Facebook marketing? Don't bother, says new report
Facebook is doing more to disconnect than connect brands to their customers, according to a damning new report on the social media site, with professionals ranking it last in a list of successful marketing tactics.
Facebook has failed to revolutionize marketing with social advertising on its site, according to Nate Elliott, the vice president and principal analyst at research firm Forrester.
"Facebook hasn't delivered on its promise and in fact has quietly become reliant on the traditional advertising models it once lampooned," he said in a report released on Monday.
With 1.16 billion monthly active users, Facebook is the most popular social networking site in the world, followed by Twitter and MySpace. Facebook reported $1.60 billion in total advertising revenue for the second quarter of 2013.
The site has enabled businesses to set up their own branded pages in an attempt to promote their services, but Elliott says that it has done little in the past 18 months to improve its branded page format or the tools marketers use to manage and measure those pages. He added that it no longer supports social marketing and he doesn't believe Facebook will make the changes needed to win back marketers' hearts. In fact, it does not even see the need for change, he argued.
"Its enormous revenues have blinded it to marketers' growing dissatisfaction. But if it doesn't change, the results will be dire," Elliott said.
Survey results from Forrester make for dismal reading for Facebook when 395 marketers from the U.S., the U.K. and Canada were asked how satisfied they were with the business value they get from 13 different online marketing sites and tactics. Facebook came last behind the likes of Twitter, Google Plus, and YouTube. Out of the six largest online and social properties as marketing partners, Facebook once again fared poorly with just 51 percent of respondents saying they were satisfied - behind Google, LinkedIn, and Yahoo.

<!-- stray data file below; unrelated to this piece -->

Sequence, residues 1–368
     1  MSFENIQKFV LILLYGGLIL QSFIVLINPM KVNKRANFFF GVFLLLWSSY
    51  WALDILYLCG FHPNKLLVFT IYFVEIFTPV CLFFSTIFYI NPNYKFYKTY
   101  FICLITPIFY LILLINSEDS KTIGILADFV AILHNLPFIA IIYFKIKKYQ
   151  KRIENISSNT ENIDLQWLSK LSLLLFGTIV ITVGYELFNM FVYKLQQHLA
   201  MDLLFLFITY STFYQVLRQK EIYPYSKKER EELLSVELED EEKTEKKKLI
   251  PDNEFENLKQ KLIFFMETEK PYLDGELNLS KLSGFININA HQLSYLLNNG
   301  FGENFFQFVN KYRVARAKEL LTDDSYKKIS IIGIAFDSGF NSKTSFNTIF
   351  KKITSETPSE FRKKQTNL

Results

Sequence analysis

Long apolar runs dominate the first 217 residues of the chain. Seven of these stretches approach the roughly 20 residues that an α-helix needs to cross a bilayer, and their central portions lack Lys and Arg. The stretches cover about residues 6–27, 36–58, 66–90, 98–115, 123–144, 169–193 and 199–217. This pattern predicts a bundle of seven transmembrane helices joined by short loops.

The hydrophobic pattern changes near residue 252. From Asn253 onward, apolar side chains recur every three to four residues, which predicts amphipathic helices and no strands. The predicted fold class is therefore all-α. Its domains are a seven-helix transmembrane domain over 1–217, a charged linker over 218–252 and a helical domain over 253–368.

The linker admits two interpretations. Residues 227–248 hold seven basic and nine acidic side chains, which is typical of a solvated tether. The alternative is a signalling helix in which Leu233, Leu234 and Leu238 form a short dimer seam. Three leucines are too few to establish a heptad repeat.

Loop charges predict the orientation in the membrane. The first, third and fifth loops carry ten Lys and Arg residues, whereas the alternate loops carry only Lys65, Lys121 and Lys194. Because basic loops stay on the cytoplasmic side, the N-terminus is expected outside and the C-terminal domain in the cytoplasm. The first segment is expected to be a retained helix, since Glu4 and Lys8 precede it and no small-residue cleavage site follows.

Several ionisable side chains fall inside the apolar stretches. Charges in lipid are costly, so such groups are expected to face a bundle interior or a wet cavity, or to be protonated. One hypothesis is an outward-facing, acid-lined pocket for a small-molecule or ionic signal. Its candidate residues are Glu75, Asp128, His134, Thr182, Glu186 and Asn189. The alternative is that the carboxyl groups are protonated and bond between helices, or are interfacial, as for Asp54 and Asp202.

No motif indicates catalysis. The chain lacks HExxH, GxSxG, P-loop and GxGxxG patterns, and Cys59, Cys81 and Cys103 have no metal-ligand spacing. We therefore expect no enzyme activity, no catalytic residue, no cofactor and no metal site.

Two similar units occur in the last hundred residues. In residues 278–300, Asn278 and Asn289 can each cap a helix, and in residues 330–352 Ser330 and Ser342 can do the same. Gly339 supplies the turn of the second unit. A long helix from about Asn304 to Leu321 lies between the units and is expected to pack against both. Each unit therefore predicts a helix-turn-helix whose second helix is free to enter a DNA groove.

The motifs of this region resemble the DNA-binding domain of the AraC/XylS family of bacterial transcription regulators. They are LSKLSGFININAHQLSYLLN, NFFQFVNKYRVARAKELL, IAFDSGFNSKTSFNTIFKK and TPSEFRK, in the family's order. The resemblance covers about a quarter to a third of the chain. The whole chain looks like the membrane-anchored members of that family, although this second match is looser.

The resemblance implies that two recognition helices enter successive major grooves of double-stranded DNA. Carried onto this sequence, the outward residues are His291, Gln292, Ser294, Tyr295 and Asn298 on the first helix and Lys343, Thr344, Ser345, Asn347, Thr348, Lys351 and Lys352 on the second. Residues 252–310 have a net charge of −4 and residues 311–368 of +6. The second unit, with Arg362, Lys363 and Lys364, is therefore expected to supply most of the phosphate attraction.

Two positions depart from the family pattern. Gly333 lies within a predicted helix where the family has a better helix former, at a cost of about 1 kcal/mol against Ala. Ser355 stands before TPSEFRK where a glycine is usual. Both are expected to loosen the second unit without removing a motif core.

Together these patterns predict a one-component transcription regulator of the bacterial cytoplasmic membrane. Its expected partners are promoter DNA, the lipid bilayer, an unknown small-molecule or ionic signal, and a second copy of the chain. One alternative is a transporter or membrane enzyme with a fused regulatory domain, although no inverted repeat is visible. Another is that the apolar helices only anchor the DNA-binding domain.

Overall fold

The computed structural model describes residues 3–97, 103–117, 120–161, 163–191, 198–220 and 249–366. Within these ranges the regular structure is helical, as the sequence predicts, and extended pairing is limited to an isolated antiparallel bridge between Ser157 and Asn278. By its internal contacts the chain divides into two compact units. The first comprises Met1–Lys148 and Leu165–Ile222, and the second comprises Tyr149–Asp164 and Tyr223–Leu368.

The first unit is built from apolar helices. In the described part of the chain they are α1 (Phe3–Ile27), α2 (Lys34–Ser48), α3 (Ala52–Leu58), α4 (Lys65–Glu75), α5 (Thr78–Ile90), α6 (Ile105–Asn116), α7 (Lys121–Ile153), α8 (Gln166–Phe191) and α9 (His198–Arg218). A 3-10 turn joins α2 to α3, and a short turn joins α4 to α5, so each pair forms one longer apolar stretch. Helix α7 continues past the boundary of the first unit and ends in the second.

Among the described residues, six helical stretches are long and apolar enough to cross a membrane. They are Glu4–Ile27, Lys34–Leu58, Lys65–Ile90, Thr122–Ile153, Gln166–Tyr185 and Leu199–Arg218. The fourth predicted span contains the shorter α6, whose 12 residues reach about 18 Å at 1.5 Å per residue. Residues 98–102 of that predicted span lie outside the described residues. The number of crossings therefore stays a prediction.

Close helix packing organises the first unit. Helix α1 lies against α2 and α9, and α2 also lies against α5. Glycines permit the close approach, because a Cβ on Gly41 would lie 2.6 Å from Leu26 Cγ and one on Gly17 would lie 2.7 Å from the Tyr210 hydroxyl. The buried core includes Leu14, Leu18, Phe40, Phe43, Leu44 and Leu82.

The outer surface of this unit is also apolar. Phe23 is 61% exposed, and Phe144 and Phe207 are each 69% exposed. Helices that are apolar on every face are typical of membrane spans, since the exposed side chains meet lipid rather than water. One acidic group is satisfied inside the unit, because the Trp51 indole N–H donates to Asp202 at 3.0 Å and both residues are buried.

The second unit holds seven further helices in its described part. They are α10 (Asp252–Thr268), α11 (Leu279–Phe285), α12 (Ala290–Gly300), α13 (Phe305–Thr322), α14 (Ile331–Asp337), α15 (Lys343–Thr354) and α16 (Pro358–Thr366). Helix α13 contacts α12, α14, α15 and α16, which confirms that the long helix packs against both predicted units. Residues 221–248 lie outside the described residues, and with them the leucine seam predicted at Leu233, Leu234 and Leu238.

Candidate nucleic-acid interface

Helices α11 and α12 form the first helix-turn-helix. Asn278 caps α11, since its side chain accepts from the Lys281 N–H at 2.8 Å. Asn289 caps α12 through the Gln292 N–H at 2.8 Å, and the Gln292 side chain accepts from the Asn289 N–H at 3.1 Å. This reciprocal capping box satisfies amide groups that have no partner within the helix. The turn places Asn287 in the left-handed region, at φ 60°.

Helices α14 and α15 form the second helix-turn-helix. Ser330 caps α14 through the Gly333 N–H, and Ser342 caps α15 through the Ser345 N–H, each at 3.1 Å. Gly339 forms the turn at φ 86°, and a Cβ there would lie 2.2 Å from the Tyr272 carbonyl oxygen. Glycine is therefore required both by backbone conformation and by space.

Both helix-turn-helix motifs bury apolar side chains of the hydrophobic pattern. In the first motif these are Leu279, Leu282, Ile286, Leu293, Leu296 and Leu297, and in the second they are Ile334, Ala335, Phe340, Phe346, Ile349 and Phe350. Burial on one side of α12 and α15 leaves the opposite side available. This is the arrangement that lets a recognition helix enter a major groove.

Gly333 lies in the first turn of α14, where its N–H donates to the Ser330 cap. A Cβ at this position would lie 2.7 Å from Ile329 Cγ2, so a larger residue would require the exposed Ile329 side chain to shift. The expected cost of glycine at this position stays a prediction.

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"Everyone who clicks the 'like' button on a brand's Facebook page volunteers to receive that brand's messages — but on average, (Facebook) only shows each brand's posts to 16 percent of its fans," Elliott said in an open letter to Mark Zuckerberg, founder and chief executive officer of Facebook.
The social media site hit back at the claims saying that some of the conclusions in the report were "illogical" and "irresponsible".
"The reality is that Facebook advertising works," a spokesperson told CNBC. "That's why we have more than a million active advertisers...and, countless studies have demonstrated the significant return on investment marketers see from Facebook. Our promise is to continue to deliver positive results for marketers."
Christian Ward, a media and marketing editor at research and advisory firm Stylus, told CNBC that while Twitter and Google may offer more immediate impact for marketers, no other social platform has the potential to offer the kind of "razor sharp" targeted reach that Facebook does.
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"At Social Media Week in London last month, we heard how a user's personality can be predicted with 95 percent accuracy via his/her Facebook activity," he said.
"As this technology evolves, Facebook's viability for brand marketing will become obvious. But marketers need to understand that it takes time and investment to get the best out of it."
By CNBC.com's Matt Clinch. Follow him on Twitter @mattclinch81